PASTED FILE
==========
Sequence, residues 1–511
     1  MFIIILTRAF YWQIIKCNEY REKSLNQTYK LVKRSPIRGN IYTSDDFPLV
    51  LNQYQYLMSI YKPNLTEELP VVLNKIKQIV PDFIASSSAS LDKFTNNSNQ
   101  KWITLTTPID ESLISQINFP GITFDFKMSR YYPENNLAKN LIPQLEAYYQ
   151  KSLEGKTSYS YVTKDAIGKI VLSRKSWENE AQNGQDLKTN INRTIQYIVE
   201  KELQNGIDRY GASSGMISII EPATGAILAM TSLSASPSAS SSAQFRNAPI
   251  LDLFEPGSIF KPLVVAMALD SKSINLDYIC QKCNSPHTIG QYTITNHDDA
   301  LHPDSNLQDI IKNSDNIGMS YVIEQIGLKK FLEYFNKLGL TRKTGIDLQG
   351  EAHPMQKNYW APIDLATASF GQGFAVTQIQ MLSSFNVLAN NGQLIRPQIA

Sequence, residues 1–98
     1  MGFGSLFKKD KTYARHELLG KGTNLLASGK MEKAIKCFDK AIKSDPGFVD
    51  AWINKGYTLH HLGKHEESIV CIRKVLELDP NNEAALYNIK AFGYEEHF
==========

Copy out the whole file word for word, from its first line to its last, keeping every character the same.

Sequence, residues 1–511
     1  MFIIILTRAF YWQIIKCNEY REKSLNQTYK LVKRSPIRGN IYTSDDFPLV
    51  LNQYQYLMSI YKPNLTEELP VVLNKIKQIV PDFIASSSAS LDKFTNNSNQ
   101  KWITLTTPID ESLISQINFP GITFDFKMSR YYPENNLAKN LIPQLEAYYQ
   151  KSLEGKTSYS YVTKDAIGKI VLSRKSWENE AQNGQDLKTN INRTIQYIVE
   201  KELQNGIDRY GASSGMISII EPATGAILAM TSLSASPSAS SSAQFRNAPI
   251  LDLFEPGSIF KPLVVAMALD SKSINLDYIC QKCNSPHTIG QYTITNHDDA
   301  LHPDSNLQDI IKNSDNIGMS YVIEQIGLKK FLEYFNKLGL TRKTGIDLQG
   351  EAHPMQKNYW APIDLATASF GQGFAVTQIQ MLSSFNVLAN NGQLIRPQIA

Sequence, residues 1–98
     1  MGFGSLFKKD KTYARHELLG KGTNLLASGK MEKAIKCFDK AIKSDPGFVD
    51  AWINKGYTLH HLGKHEESIV CIRKVLELDP NNEAALYNIK AFGYEEHF